The vast majority of Obstacle Course Races include some type of crawling obstacle. Some races put you under barbwire, while others have ropes or cords. In my opinion, and from my experiences, crawls are one of the most physically draining obstacles. Of course, it depends on how long the crawl is, whether it's up hill, and if it's through mud, sand, or grass, but no matter what, they are tiring.
Crawling forces you to engage just about every muscle group in your body all at once. Most adults aren't used to, or conditioned for, crawling along the ground. As such, it takes training to improve the speed and efficiency of the crawl. Try adding these exercises to your workouts so that you can set PR's on the course!
The first exercise is the Bear Crawl. While you'll normally be crawling closer to the ground at a race than you are when performing a bear crawl, it engages all the same muscle groups (every muscle group) and forces them to all work together in almost the same way as a normal crawl. Bear Crawls, when done with proper form, also strengthen your core a ton which will be beneficial for your overall race performance. PS. Bear Crawls suck... but in a good way!
The next exercise is a Spiderman Crawl. During the Spiderman Crawl, your body will be hovering just above the ground. Your range of motion for your arms and legs will be very limited and they'll require you to keep tension on all your muscles all at once. Spiderman Crawls will be lower than most crawls during an OCR race but if you can become effective at training with them, then regular crawls will be much easier!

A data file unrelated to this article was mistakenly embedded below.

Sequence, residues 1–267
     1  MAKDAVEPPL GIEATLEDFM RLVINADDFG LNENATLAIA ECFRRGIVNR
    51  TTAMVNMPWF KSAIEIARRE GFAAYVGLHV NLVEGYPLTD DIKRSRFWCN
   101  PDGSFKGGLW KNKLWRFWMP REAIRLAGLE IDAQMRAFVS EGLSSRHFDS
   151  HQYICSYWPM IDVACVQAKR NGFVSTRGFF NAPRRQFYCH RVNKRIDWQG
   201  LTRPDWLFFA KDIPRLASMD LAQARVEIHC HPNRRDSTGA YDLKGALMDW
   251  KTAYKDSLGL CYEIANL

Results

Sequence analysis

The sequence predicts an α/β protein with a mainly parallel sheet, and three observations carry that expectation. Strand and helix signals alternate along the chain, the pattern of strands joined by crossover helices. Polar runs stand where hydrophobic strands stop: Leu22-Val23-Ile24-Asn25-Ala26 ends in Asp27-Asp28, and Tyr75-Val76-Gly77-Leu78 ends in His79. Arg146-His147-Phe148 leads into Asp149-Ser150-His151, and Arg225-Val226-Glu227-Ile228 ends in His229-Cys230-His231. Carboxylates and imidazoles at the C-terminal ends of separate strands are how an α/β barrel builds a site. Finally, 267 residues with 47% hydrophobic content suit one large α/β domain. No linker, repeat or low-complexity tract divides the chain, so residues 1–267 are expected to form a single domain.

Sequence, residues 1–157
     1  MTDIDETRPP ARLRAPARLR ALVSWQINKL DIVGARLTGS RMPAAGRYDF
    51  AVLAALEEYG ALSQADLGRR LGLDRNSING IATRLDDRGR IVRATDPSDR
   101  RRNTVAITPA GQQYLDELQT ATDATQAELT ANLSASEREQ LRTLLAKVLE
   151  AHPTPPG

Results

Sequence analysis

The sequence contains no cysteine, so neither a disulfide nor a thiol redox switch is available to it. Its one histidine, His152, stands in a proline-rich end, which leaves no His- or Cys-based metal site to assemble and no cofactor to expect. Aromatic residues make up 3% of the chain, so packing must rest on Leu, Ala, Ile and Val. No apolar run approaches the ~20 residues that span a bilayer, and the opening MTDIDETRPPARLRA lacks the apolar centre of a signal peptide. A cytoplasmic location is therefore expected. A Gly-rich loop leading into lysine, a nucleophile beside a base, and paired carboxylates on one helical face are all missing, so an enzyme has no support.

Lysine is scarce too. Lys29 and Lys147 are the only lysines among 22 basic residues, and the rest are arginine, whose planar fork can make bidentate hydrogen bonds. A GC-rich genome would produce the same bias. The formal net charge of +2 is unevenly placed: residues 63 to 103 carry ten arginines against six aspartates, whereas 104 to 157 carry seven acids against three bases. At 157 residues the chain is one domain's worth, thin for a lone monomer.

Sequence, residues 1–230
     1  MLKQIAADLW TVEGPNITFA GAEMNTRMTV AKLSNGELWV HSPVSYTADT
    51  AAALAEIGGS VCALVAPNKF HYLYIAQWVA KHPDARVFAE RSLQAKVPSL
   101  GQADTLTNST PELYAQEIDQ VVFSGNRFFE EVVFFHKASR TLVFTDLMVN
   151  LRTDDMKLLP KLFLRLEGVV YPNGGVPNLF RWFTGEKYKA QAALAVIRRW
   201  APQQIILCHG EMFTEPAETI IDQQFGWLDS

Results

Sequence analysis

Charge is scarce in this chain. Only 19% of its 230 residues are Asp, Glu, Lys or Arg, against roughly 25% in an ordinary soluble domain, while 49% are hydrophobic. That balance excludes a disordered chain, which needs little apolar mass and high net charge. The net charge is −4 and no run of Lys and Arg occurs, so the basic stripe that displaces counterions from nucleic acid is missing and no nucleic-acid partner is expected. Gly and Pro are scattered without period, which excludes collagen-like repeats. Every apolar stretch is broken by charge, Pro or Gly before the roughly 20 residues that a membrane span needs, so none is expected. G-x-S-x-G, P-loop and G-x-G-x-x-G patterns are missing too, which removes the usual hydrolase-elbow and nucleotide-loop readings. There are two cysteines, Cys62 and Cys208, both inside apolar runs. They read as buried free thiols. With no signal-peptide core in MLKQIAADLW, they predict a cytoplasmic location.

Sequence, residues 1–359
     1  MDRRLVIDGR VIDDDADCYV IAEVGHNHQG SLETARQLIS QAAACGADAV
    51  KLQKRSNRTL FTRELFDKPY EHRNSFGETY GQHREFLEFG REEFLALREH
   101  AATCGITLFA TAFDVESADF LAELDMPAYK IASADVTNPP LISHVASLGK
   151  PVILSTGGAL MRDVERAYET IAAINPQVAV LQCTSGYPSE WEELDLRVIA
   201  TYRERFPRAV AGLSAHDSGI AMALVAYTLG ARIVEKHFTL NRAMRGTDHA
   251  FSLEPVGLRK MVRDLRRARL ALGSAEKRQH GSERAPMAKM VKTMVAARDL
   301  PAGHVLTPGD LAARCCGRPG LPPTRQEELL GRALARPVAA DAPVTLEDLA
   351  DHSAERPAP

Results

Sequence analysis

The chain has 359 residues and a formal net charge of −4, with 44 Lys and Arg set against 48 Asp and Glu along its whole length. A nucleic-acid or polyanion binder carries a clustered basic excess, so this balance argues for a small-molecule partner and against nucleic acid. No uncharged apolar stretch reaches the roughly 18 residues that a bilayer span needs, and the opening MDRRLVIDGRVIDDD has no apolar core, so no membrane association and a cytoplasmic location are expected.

(Sorry, no Spiderman Crawl Video)
Lateral Plank Walks are the third exercise you should throw into your training routine in order to improve on crawls. During many crawl obstacles you'll have to be able to crawl laterally whether it's to pass someone slower than you, the course has a turn in it, or you need to avoid an extra muddy/rocky spot. As such, we need to strengthen our lateral movements through practical training. With Lateral Plank Walks, your body will be forced to engage virtually all the same muscle groups as a normal crawl while still moving along close to the ground.
I've been in several races where I've noticed myself and other athletes fall back several positions during the crawl because of exhaustion, and it's hard to come back from that and retake those positions afterwards. Crawl exercises/workouts are generally not the most "fun" so most athletes don't do them, but they will make a huge difference for your overall performance so start training them now!
If you have any questions about the training info in this article, please feel free to reach out to us! Email us at firstname.lastname@example.org
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